It’s no surprise then that TVM was named as Gold Coast’s Best Market in this year’s Gold Coast Bulletin poll. It really is the perfect way to spend a lazy Sunday morning on the coast. No bling required.

Copyright: Louise Creely


Discover Burleigh Heads

Most of us are pretty adventurous when we’re travelling but, back home, we do the same old same old – and wonder why we’re feeling stuck and uninspired. We’ve decided to discover some of the places that, while not too far away, often remain a mystery. This week, it’s Burleigh Heads, just 10 minutes up the coast from where we live…

Copyright: Louise Creely

One of our favourite restaurants is in the heart of Burleigh. The Fish House is a place where the view is spectacular, the food is always delicious (the fish soup and Patagonia tooth fish are amazing), and the wine list is a journey of discovery in itself.

But we tend to indulge (slowly) then run, so this time we’re going to hang around and see what’s happening here.

copyright: Louise CreelyOur first stop is the Burleigh Village Markets – and what a surprise.

Forget kitschy stuff, these markets are arty, vintage, classy and fabulous. They’re on the first and third Sunday of every month at the Burleigh Heads State School from 8.30am – 1pm. 

I’ll admit I’m a little skeptical about markets, but these are up there with the best I’ve been to – and EB is soon carrying some extra baggage (not something he’s accustomed to…multiple market purchases are a rarity with me!).

copyright: Louise Creely

copyright: Louise Creely

copyright: Louise Creely

copyright: Louise Creely

Copyright: Louise Ralph

copyright: Louise Creely

The markets are a great place to hang out on a lazy Sunday… but there’s only so much ‘lazy’ EB can handle, so we soon join the gaggle of joggers, power walkers, cyclists and fellow wanderers who manage to share the pathway with that ‘coasty’ minimum of fuss.

To our surprise, the pathway leads to the Burleigh National Park. Now there’s something that, in a built-up, high traffic area we’ve driven through often enough, we just do not expect. And it is brilliant.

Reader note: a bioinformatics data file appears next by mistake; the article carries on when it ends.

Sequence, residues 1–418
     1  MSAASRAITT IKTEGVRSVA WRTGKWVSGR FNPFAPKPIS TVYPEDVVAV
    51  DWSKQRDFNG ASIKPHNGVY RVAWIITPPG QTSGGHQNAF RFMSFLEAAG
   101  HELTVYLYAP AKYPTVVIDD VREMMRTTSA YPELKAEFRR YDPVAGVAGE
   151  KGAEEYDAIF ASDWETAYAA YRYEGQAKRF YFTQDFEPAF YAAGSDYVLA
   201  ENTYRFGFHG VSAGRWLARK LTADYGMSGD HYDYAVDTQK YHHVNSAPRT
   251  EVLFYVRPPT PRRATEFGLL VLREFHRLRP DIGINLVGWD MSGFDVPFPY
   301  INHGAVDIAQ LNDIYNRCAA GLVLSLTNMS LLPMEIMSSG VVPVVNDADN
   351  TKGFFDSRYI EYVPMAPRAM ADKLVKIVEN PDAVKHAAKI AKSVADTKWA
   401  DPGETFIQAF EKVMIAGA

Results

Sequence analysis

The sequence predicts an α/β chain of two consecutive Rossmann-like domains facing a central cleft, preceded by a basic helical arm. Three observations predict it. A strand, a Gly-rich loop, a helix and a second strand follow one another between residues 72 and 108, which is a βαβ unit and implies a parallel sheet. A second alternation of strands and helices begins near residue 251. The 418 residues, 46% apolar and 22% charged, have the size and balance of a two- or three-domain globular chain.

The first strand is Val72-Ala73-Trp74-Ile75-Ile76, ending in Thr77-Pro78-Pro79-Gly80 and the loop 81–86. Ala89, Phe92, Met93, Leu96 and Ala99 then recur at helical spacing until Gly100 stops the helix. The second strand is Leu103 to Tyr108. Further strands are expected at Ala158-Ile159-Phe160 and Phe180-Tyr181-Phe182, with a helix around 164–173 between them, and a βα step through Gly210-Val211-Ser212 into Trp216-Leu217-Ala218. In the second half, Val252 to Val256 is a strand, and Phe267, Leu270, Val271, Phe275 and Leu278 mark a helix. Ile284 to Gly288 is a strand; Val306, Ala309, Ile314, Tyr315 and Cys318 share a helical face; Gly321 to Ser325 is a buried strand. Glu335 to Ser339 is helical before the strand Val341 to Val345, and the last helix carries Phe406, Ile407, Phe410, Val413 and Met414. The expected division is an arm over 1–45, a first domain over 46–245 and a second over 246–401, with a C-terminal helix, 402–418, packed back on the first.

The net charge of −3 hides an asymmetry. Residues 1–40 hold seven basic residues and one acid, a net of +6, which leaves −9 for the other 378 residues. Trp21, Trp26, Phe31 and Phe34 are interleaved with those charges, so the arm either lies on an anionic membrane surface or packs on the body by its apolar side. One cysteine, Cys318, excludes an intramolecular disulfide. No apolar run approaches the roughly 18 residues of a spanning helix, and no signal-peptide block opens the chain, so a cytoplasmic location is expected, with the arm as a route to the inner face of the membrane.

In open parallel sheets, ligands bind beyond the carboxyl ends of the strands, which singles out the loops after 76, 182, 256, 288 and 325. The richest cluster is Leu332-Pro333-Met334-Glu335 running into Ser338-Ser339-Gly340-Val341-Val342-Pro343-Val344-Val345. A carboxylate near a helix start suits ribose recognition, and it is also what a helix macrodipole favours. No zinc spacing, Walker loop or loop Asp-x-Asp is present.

Copyright: Louise Creely

The path winds up and around the headland, through coastal rainforest where vines hitch a ride up towering fig trees to the sun-bathed canopy, and the sound of thundering surf echoes in the pandanus groves.

Finally we reach Tallebudgera Creek, where we come across gorgeous secluded coves and beaches where the water looks inviting, even on this cloudy, chilly day.

Copyright: Louise Creely

The pathways are wheelchair-friendly and there’s even an assisted wheelchair fishing pontoon…Copyright: Louise Creely

To say we are impressed with Burleigh Heads is an understatement. And we know we have barely scratched the surface…

You can’t always get away for a weekend, but what if you don’t have to go too far for a great experience? What will you discover near your place?


Striking gold on the coast

Copyright: Louise Ralph

Surfers Paradise from Kirra Beach

There’s a quote I’ve loved since giving up some tired ideas in my thirties…

If in the last few years you haven’t discarded a major opinion or acquired a new one, check your pulse. You may be dead.” (Gilett Burgess)

Confession time… I’ve always avoided Queensland’s Gold Coast if I could, passing through (quickly) on my way to my favourite beaches in northern NSW or heading out into the hinterland which was wilder and calmer…

Not an earth-shattering opinion I admit, but one that grew from a seed germinated when I was just a kid and I’ve never really questioned it.

It started with my friend in Grade 4. She would arrive back at our school in Sydney after Surfers Paradise holidays with her bling-bling parents, proudly displaying postcards and snaps of Meter Maids, the ‘glitter strip’ and crowded golden beaches in the shade of ever-looming high rises.

I should have been awestruck but I was already a confirmed freak for nature.

My idea of bliss was our camping holidays in the bush or at the beach – and the postcard-perfect Gold Coast looked anything but natural to me.

Well, so I thought.

When we moved to northern NSW last year, I didn’t think about the Gold Coast as anything more than another bottleneck on our Brisbane commute. When we got home it never crossed our minds to visit the area.

But recently we’ve been exploring – and I’ve discovered why people love it.

There’s more to this place than the ‘glitter strip’. Yes, there’s always something going on, but it’s not all about glitz and glam.

It has that kick-back feel all year round, the beaches are endless, and it’s greener than I expected.

Copyright: Louise Ralph

Coastal walk at Kirra Beach

It helps that most of us, these days, are less likely to cut down every tree or shrub that blocks our ocean views.

And because we are all switched on 24/7, we want to get back to our roots…to remind ourselves there is more to life than busyness. To walk and cycle and run – or just soak up the Vitamin D.

Copyright: Louise Ralph

In search of the perfect wave…off Point Danger

I think I’ve struck gold here, forty-five minutes from where I lived in Brisbane for thirty years.

I’ve just checked my pulse and yep, it’s racing. In a good way.

Who would’ve thought?

Copyright: Louise Ralph

View from Point Danger to Kingscliff